The health ministry will today determine whether there will be any actions taken against a Rarotonga man who breached quarantine at the weekend.
The person, who is the head of his family, had unauthorised close contact with one of the people who returned from New Zealand on Friday.
Ministry of Health has ordered him and his family into compulsory supervised 14-day quarantine.
Health spokesperson Jaewynn McKay said: “The contact was brief and apparently unintentional, and the man and his entire family have been ordered into quarantine for the next two weeks.”
The person he had contact with had returned a negative Covid-19 test before leaving New Zealand, and underwent another test in-country yesterday which also returned negative.
The person is not showing any Covid-19 symptoms, health ministry says.
The man who entered the supervised quarantine property also tested negative.
Secretary of Health Dr Josephine Aumea Herman said: “All the appropriate steps had been taken. The person in quarantine was in the right place and obeying the rules, including wearing a mask; there was a yellow flag outside the property indicating there were people in quarantine there.”
“This was unfortunate on the part of the person who breached the quarantine order and should be a lesson to all of us to remain vigilant. Largely because of the actions of the person who returned on Friday, the public health risk from this incident is very low. However, we are taking precautionary measures to ensure the safety of the family involved and members of the public.”
Prime Minister Henry Puna last night reminded people the importance of abiding by the quarantine rules set by the Health ministry.
“As a nation, small though we are, it is vital that we act together, for the health and welfare of us all. We’ve been in this together from the start, and we shall remain together throughout this ordeal,” Puna said.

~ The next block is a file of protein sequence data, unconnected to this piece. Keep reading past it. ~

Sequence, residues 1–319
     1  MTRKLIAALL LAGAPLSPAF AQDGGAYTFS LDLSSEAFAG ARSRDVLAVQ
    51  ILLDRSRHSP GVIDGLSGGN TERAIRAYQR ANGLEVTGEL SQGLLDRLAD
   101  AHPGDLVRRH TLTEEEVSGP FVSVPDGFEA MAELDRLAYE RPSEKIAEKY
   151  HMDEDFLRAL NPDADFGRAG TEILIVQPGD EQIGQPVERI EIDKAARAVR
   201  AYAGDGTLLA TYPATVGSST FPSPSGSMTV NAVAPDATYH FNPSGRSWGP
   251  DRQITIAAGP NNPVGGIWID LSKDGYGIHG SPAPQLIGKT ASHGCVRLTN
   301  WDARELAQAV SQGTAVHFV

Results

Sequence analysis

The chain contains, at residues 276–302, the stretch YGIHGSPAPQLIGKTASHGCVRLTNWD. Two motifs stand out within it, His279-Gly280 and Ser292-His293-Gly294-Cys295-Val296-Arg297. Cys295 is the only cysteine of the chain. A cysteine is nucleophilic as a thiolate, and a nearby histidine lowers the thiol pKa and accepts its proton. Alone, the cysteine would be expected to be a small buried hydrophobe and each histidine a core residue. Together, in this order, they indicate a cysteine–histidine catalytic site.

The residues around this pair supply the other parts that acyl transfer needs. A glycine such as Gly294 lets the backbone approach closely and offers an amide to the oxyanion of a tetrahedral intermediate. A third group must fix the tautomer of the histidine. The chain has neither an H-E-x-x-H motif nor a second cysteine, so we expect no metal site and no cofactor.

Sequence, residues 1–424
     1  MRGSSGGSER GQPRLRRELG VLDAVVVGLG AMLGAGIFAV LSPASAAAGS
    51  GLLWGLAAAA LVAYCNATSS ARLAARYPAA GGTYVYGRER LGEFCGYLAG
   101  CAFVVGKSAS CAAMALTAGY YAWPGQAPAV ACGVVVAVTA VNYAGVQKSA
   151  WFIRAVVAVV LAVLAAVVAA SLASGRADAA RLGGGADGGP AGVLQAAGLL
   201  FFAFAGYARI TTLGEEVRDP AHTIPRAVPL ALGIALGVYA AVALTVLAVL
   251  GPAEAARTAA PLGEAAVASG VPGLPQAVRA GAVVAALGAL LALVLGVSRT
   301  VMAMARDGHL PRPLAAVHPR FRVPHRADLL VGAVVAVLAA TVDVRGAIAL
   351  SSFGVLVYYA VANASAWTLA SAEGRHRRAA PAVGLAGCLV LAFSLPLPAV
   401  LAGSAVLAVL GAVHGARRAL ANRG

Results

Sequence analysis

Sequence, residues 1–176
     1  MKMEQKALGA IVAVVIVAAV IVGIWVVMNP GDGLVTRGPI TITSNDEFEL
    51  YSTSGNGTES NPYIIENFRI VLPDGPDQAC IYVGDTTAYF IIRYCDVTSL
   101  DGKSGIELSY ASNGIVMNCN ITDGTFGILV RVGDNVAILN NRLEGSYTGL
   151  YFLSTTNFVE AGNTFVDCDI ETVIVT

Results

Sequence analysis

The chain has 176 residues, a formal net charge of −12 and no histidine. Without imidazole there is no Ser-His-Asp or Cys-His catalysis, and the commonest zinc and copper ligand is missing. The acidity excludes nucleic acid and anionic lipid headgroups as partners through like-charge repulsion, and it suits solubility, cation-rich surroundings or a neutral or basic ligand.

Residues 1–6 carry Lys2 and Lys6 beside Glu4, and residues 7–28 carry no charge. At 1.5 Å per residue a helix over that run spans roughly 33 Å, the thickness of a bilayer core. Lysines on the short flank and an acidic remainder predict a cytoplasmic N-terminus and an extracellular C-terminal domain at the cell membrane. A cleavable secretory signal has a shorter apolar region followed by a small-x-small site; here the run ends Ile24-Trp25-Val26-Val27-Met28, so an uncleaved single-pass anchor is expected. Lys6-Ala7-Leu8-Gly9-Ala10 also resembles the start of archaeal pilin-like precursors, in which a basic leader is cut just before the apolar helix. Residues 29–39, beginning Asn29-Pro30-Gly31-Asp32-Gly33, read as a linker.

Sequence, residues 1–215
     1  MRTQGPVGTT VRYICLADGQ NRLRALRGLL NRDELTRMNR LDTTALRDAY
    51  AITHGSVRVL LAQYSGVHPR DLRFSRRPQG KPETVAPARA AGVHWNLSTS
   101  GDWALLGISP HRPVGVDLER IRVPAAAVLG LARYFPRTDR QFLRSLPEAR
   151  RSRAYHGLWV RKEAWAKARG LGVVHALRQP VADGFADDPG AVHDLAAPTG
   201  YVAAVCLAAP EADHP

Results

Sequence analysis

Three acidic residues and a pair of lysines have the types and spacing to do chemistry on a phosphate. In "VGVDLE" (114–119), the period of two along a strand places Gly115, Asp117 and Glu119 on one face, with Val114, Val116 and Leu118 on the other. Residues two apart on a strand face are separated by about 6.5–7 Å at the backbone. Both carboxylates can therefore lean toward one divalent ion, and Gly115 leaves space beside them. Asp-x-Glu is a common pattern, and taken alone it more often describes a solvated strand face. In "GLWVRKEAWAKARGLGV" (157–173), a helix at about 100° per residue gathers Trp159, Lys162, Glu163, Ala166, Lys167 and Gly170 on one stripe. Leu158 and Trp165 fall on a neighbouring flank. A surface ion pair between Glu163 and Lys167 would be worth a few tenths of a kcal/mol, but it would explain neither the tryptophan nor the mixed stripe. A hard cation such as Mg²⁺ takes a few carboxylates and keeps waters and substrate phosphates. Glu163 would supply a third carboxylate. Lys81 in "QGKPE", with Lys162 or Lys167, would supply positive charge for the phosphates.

“The need for patience and vigilance has been a tough call, but an absolutely necessary one. Abiding by certain measures regarding our mobility and leisure has been excellent overall. We cannot and must not lose sight of the need to be patient and vigilant.”
Te Marae Ora health ministry, which is leading the government effort to keep people safe from Covid-19 has reinforced the quarantine rules in place.
“There must be no physical contact with the people in supervised quarantine in properties displaying yellow flags. The leads of each of the Puna are aware of those in supervised quarantine in their areas.
“Food and other provisions, including bottled water may be left on the boundary of the property for the quarantined returnees to collect once the person doing the drop off has left.
“No rubbish or empty containers – e.g. water bottles can leave the property until the returnees have tested negative twice for Covid-19, completed 14-days supervised quarantine and have cleared the exit medical test.”
Penalties for any breach of quarantine will result in a maximum of 12 months imprisonment or a $10,000 fine.
Members of the public should contact their local community health clinics on the free 0800 numbers if they have any questions regarding the supervised quarantine process in their area. Or call healthline on 20 066, 0800-1800, 0800-1801.